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Gardeners Breaking EU Law By Using Coffee To Deter Slugs

Using Coffee To Deter Slugs

Gardeners who use coffee granules to keep slugs at bay during this wet summer may be surprised to learn they are in fact breaking EU law.

The Royal Horticultural Society (RHS) has warned that placing coffee granules near plants and vegetable patches in the garden to ward off the pests could be against EU regulations.

This summer has been particularly wet – one of the wettest on record, we haven’t had the usual plant dehydration issues that come from a summer drought – which has been great for slugs(take a look at slug control options here that are EU friendly) and snails but a struggle for gardeners who have found their vegetables and plants inundated with the pests. The likes of cabbages and lettuces, in particular, have been munched on heartily by slugs over the last few months. Insects control is of paramount importance in these wet years, the wet great for animals though and a start contract to needing to help wildlife in your garden through a drought.

Organic gardeners want to avoid using chemicals in their gardens and so have been using coffee granules instead of slug pellets, as the caffeine in the coffee deters slugs. This is why tea leaves work well as a deterrent too but they won’t stop other pests.

In The Garden magazine, the RHS warned that such a gardening technique is breaking EU law and gardeners could face big fines. The Independent reports that Dr Andrew Halstead, principal scientist for plant health at the RHS, said that any home-made solution without EU approval is against the law.

Any active ingredient needs to be approved for use and added to an EU list of pesticides, and caffeine has not been tested. This means its impact on the environment, gardeners and surrounding wildlife is unknown.

“All chemicals being used to control or deter animals are classed as pesticides in the UK and EU, and must be registered and approved for this purpose by our own government and the EU,” Dr Halstead said.

“Legislation requires potential pesticides to be extensively tested for effectiveness, environmental safety, operator safety and safety of breakdown products before they can be sold and used.”

Although gardeners are being warned of possible big fines as a result of using coffee to deter slugs, Dr Halstead admits the chances of this actually happening are “remote”. Quite rightly so, how on earth do they expect us to put our coffee remains in the compost bin, yet not directly around our plants baffles me. one of the main things I teach my child in the garden is not to waste, always re-use coffee grindings.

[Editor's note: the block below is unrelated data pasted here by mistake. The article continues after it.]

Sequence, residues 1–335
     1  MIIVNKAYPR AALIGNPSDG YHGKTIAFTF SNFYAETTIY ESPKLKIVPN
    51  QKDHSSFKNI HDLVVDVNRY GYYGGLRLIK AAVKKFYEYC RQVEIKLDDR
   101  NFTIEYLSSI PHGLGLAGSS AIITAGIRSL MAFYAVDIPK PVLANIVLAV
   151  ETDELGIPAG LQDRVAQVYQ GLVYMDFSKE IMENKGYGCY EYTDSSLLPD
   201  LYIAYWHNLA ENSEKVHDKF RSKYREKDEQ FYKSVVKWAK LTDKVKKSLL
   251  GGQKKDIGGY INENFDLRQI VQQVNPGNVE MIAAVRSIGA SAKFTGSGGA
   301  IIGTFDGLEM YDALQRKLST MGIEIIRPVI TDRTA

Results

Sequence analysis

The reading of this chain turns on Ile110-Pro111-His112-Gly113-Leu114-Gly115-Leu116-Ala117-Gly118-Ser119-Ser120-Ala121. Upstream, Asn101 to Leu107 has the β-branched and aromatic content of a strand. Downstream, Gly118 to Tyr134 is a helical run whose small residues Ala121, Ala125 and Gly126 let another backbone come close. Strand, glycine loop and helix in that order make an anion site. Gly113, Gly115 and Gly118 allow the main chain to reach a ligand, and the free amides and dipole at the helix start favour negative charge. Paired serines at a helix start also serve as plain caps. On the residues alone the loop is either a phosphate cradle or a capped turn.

“Anything that has not been through the system is illegal to use as a pesticide, however safe that chemical is perceived to be. Heavy fines can be imposed for breaches of the laws relating to pesticide use; however, the chances of being prosecuted for scattering coffee grounds in a garden are, I suspect, remote.”

Using coffee granules as a mulch or to enhance the compost bin is fine, however. In fact, the gardening benefits of coffee are well known and a number of coffee shops will give away the ground coffee from their machines to gardeners for free, most grindings make excellent base for quality soil and end up in pots or for happy hanging baskets.

Dr Halstead commented: “If you were to use coffee grounds around plants with the intention of providing some organic matter in the form of a mulch, rather than as a slug control/deterrent, then the regulations relating to pesticides would not apply. This may all sound rather daft, but the intention of the pesticides legislation is to prevent people from applying untested dangerous chemicals.”

soap and water on plants to kill insects
soap and water on plants to kill insects

Gardeners use a variety of other means to deter slugs and other pests from their gardens, including soap and water on plants to kill insects and salt to kill slugs.

Bob Flowerdew

Bob Flowerdew, who’s written a number of books on organic gardening, commented on the fact gardeners frequently use soap to kill aphids on plants: “As long as you say, ‘I’m not killing the aphids, I’m giving them a wash, but oh dear they seem to have died accidentally’, it’s OK. It’s the British way: we work our way around the regulations.”